Lakewood Ranch Herald

SWFWMD board to decide future of Manatee's lush Pine Island Preserve

At the State Road 64 boat ramp on Braden River, Pine Island Preserve sits in the middle.
At the State Road 64 boat ramp on Braden River, Pine Island Preserve sits in the middle.

MANATEE -- A plan to sell part of Pine Island Preserve as surplus land is still under consideration by the Southwest Florida Water Management District as its governing board prepares to meet next week.

A county official termed negotiations are going well about selling the 66-acre portion of the island preserve.

"They still consider the property surplus, but conversations we have had are encouraging," said Charlie Hunsicker, Manatee County director of parks and natural resources. "The staff are poised to recommend back to their governing board to consider alternatives to surplus."

Water district officials will recommend Pine Island remain surplus property as it is no longer needed for conservation or other district purposes, according to spokeswoman Susanna Martinez Tarokh.

The recommendation suggests staff be authorized to

negotiate an equitable exchange or transfer with Manatee County to eliminate potential district costs prior to offering title to the state and initiating a public sale, said Martinez Tarokh.

The matter is still up in the air, said Charles Lee, Audubon of Florida director of advocacy.

"They are going to make a recommendation that sounds like they will give the county the chance to acquire the property from the district -- it does not sound like they will offer it for free," said Lee. "They're suggesting the county will have to pay something or exchange something to get the land."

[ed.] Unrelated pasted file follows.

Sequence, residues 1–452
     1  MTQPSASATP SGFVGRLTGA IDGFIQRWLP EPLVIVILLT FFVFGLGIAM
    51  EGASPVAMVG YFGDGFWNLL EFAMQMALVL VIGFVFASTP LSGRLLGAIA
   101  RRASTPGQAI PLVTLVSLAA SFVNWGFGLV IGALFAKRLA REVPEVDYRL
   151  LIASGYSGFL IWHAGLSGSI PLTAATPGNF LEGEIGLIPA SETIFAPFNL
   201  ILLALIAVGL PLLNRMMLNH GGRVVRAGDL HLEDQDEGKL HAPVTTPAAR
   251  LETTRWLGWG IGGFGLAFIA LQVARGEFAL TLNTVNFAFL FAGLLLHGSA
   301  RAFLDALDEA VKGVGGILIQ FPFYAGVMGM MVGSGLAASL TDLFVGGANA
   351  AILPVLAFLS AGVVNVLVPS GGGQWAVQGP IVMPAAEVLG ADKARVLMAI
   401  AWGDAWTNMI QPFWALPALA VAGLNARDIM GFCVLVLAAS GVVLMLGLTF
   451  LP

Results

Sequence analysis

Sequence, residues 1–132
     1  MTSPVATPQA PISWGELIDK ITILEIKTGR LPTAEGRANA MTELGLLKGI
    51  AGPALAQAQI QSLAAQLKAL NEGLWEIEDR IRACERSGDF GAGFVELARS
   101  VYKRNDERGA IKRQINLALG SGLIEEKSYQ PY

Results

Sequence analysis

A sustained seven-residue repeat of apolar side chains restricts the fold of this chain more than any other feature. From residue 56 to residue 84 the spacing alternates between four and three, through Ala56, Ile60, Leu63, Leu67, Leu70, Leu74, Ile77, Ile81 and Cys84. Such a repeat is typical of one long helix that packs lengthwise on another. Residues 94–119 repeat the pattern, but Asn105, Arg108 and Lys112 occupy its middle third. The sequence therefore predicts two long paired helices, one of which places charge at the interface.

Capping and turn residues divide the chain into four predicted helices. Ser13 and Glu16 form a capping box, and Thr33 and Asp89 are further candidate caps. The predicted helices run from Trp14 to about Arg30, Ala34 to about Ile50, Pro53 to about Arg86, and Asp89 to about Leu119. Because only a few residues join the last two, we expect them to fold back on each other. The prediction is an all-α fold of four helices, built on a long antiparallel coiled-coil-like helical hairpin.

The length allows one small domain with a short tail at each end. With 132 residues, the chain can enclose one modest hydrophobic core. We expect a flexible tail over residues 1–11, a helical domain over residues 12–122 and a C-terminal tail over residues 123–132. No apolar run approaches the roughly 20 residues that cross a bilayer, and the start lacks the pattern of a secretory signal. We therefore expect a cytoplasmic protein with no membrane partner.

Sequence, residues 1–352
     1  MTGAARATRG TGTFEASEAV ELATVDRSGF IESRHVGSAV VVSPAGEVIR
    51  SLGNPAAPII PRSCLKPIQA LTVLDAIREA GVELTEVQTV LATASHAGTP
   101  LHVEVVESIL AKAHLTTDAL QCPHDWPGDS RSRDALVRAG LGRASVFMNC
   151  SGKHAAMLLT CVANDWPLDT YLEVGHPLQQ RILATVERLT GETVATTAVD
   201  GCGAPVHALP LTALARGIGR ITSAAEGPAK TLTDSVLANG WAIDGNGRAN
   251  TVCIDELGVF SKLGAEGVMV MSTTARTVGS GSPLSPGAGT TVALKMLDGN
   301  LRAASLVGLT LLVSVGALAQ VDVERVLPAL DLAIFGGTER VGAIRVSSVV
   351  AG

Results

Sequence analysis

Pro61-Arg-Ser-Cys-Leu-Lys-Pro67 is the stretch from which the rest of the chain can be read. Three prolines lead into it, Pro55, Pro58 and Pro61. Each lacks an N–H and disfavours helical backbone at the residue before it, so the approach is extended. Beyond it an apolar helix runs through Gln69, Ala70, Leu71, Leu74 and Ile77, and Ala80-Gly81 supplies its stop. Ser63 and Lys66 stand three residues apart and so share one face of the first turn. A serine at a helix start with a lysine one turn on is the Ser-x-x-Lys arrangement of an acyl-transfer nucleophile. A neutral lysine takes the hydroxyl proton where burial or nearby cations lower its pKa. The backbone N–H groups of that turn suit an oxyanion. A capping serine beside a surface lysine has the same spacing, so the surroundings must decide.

Lee emphasized the Audubon group would oppose anything except conservation for the lush island, which sits in the middle of the Braden River upstream from the State Road 64 Bridge.

"Absolutely, it's a very important natural resource, it has a lot of wildlife habitat, you can imagine the impact if you were to try to develop that land in the middle of the river," Lee said.

In March, the Manatee County Commission voted unanimously to oppose the proposed sale. The property, accessible only by boat, was purchased with public money in 2003 after a long legal fight between citizens and a developer.

The original funding for its purchase came from the Florida Forever Trust Fund, designed to protect sensitive lands across the state, according to the SWFWMD website.

The water district governing board is set to hear recommendations on the surplus lands issue during its meeting at 9 a.m. Tuesday at the Tampa Service Office, 7601 U.S. 301 (Fort King Highway), Tampa, 813-985-7481. The meeting is free and open to the public.

The water management district oversees 16 Florida counties, including Manatee.

Sara Kennedy, Herald reporter, can be reached at 941-745-7031. Follow her on Twitter @sarawrites.

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